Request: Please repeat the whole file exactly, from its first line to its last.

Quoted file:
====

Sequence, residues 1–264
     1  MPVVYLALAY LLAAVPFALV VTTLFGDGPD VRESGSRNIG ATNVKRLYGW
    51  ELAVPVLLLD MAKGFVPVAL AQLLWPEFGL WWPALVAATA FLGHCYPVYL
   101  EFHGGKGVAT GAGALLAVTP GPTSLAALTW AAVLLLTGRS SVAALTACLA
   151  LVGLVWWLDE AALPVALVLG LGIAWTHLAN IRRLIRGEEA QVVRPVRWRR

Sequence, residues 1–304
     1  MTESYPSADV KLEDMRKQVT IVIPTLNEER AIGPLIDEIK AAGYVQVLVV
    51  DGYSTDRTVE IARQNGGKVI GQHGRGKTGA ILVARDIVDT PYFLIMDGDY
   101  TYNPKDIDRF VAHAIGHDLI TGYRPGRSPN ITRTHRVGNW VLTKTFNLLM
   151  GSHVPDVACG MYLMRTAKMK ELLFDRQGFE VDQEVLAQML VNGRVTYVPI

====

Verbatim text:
Sequence, residues 1–264
     1  MPVVYLALAY LLAAVPFALV VTTLFGDGPD VRESGSRNIG ATNVKRLYGW
    51  ELAVPVLLLD MAKGFVPVAL AQLLWPEFGL WWPALVAATA FLGHCYPVYL
   101  EFHGGKGVAT GAGALLAVTP GPTSLAALTW AAVLLLTGRS SVAALTACLA
   151  LVGLVWWLDE AALPVALVLG LGIAWTHLAN IRRLIRGEEA QVVRPVRWRR

Sequence, residues 1–304
     1  MTESYPSADV KLEDMRKQVT IVIPTLNEER AIGPLIDEIK AAGYVQVLVV
    51  DGYSTDRTVE IARQNGGKVI GQHGRGKTGA ILVARDIVDT PYFLIMDGDY
   101  TYNPKDIDRF VAHAIGHDLI TGYRPGRSPN ITRTHRVGNW VLTKTFNLLM
   151  GSHVPDVACG MYLMRTAKMK ELLFDRQGFE VDQEVLAQML VNGRVTYVPI